A further (probably not final) thought on coworking spaces

First published on December 10, 2023 by Gilbert West. Context is important.


In my last article about coworking I said that coworking spaces enable freelancers to work together based around projects rather than combining into one company which is continually under pressure to find projects to "feed the machine". I referred to this as a distributed company.

I didn't talk about startups much as I've done that in other articles. One feature of startups and freelancers that share space that I forgot to mention in the previous article is that they tend to celebrate each other's success.

What about companies?

Where do companies (in my book, entities with more than a handful of employees) fit into this mix? They often eschew the coworking model because they have greater requirements for privacy and at a certain point the economics of renting 6 full-time desks may not stack up versus a conventional office.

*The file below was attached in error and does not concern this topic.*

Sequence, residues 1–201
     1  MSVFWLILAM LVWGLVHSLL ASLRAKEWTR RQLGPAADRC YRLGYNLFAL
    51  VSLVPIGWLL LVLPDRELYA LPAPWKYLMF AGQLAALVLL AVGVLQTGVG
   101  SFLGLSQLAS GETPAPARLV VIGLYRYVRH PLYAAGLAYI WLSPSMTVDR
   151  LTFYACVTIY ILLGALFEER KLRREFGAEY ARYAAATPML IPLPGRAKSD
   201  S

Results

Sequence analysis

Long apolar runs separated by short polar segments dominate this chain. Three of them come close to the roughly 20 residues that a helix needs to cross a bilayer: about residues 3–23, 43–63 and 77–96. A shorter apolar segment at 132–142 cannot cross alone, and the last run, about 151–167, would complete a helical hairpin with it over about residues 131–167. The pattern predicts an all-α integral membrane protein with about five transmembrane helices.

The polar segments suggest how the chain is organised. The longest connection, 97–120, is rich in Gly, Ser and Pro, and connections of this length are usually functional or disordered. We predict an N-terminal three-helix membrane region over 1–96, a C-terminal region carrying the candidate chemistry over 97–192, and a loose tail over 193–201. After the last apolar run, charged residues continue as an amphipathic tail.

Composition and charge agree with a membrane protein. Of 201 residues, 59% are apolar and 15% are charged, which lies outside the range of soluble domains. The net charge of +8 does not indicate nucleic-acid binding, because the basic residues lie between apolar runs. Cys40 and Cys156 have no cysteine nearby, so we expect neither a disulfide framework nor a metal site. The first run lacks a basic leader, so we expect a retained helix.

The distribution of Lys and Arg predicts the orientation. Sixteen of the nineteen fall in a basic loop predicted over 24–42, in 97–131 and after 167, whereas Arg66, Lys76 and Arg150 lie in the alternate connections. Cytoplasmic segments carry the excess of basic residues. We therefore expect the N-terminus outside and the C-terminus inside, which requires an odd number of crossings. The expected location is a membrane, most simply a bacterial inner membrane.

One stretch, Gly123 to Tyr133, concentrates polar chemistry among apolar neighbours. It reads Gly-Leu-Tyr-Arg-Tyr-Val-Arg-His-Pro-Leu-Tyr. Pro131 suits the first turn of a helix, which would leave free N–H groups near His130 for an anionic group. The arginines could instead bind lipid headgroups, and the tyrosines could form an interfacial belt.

Coworking spaces can and should serve companies as it adds to the richness of the experience among the space's customers and builds links between freelancers and companies as potential clients/services providers.

So what can a coworking space offer companies? High levels of flexibility with much lower levels of commitment than they are used to. Planning for growing staff numbers always has to include expansion of physical space used. This may include taking an office larger than requirements that you grow into, or it can be managed by having work from home policies to reduce the number of staff on site at any one time.

Coworking spaces can help ease those growing pains by:

I've written about coworking in the past. If you go this far, you might like those too.

2023 Bye bye WeWork Hello Coworking

2014 A tale of two coworking spaces

2012 The magic of coworking